WeInvest is an interesting FinTech startup in Singapore that has been operating quietly in beta since October 2014. Pegging itself as ‘neither a broker nor an advisor’, the platform wants to offer locals ‘the most comprehensive directory of investment options in Singapore’.
The pain-point? No banks or brokers in the city show clients more than 10 per cent of available investment products.
“The journey started in terms of thinking about this a couple of years back. The whole pain of having the best set of choices has not been a forte of the wealth management space, [which] operates on you going and setting up a relationship with a bank or broker, who then gives you a set of choices,” Bhaskar Prabhakara, Founder, WeInvest told e27.
“I’m talking about the wealth management space not necessarily as an active trader. The percentage of active traders is maybe less than two per cent. The remaining 98 per cent of people invest in a lot of passive [areas] — could be funds, deposits, real estate,” he added.
A typical bank may have 300 investment products on offer, but will only suggest maybe 10 to a client following a risk profiling. This benefits the complete novice, but not the increasing segment of investment-savvy population.
In some ways, the bootstrapped WeInvest sees itself as bringing an e-commerce model to the wealth management space, but with a level of simplicity and trust that would be expected from a reputable financial institution in 2015.
“You first go and figure out what product you really like, then you see which seller is willing to sell it to you at the best price… It’s maybe the most important purchase you’re making right now in your life,” Prabhakara said.
“We are trying to make it a real open architecture for people to discover the best choice for themselves. Wealth has not been an open architecture because everyone makes it so complex… It’s almost like the agent benefits out of making it so complex, so they will throw a lot of jargon and fact sheets at you,” he added.
The platform isn’t only catering to the wealthy elite; people with as little as US$1,000 in savings can jump in. It has real estate investment opportunities starting from US$5,000, right through to US$5 million. In funds and deposits, you can also start with US$1,000 and grow from there.
Subscriptions from financial advisors, connections with brokers, and a service to help foreigners open local bank accounts all offer ‘trickling’ revenue streams for WeInvest at present. By year end, it hopes to see a modest US$100,000 in revenue. From next month, hedge fund listings will be available for as little as US$100 per month. The idea is to keep prices low to drive up initial traction.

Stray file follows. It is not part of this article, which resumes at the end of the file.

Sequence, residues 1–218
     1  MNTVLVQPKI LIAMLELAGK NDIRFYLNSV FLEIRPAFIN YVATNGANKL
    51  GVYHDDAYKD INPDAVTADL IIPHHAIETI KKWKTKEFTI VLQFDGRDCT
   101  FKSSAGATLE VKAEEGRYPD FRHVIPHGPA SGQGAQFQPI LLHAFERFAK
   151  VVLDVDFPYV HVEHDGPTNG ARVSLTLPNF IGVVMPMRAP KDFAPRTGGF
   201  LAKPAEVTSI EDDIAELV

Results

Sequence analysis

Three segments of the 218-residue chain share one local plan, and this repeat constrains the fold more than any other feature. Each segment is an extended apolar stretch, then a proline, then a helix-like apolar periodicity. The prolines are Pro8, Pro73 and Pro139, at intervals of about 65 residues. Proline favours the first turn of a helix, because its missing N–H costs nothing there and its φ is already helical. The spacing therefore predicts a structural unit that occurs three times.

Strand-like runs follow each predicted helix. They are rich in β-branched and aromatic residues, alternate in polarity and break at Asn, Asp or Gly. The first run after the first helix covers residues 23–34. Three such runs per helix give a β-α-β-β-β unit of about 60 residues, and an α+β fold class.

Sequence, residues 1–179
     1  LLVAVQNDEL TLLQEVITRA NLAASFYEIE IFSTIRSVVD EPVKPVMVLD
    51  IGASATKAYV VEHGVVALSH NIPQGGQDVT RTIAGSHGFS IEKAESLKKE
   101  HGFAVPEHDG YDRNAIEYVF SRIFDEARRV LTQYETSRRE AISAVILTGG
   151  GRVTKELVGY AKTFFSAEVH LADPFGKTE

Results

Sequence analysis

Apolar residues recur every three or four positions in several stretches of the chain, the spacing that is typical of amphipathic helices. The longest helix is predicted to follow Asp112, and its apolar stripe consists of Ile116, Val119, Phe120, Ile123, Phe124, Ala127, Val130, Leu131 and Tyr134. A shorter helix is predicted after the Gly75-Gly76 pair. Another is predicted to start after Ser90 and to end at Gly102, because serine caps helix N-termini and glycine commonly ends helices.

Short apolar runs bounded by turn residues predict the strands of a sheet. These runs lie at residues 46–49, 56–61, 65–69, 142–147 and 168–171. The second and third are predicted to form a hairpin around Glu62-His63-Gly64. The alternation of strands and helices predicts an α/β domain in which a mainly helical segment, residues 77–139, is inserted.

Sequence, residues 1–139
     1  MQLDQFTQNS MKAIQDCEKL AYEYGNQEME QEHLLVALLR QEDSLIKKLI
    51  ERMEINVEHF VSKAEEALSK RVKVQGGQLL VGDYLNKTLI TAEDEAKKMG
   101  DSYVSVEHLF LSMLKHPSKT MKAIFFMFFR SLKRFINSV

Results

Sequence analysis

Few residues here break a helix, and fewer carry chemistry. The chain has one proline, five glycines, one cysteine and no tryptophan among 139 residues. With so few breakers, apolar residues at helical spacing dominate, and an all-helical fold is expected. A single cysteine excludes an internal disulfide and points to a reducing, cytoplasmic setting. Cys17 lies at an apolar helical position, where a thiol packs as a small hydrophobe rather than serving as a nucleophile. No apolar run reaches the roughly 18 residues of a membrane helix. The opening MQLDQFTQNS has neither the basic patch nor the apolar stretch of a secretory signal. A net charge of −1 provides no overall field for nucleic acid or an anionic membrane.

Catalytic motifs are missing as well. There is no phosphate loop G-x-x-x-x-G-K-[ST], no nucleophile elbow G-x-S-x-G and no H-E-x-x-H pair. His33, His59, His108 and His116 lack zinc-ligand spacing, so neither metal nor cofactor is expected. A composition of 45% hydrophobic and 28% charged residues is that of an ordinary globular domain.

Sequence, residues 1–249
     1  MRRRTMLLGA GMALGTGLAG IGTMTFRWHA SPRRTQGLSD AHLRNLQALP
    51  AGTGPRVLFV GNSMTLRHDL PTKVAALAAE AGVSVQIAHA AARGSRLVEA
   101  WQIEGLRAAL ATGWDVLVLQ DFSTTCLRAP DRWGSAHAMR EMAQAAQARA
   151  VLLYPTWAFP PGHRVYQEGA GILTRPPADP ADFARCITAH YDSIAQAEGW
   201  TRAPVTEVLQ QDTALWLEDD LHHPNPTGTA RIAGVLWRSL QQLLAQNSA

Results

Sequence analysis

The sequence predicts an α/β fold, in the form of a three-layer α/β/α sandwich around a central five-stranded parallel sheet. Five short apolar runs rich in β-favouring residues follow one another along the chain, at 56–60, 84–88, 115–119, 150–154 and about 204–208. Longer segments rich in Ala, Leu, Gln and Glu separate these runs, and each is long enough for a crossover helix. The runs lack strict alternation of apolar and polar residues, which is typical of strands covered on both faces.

“The entry [price] is really low for both sides of the platform; for investors it’s completely free, and for some of the providers, we charge them depending on the kind of products they have,” Prabhakara said.
WeInvest is looking to raise a US$1 million seed round in March, with three rounds of investor talks already under its belt. Right now there are at least ‘four or five’ interested angels, and VCs may not be approached at this stage.
While wealth management is a highly competitive space, that competition is more from established banks and brokers rather than fellow startups looking to encroach on the territory.
To build consumer trust, WeInvest has tried as much as possible to partner with credible brands — it recently launched a campaign with the Securities Investors Association (Singapore), a non-profit organisation often looked to as an investor watchdog of sorts.
“It’s about building credibility with trusted sources in the market already,” Prabhakara said. Other notable partners at the time of writing include DBS Bank, OCBC Bank, Citibank, Standard Chartered, and ANZ.
An experimental model WeInvest is building out — and an additional revenue stream — will allow users to replicate real investment portfolios from successful or established investors, who can charge a custom fee of their own choosing for that insight. Expect that feature to be launched in about two months.
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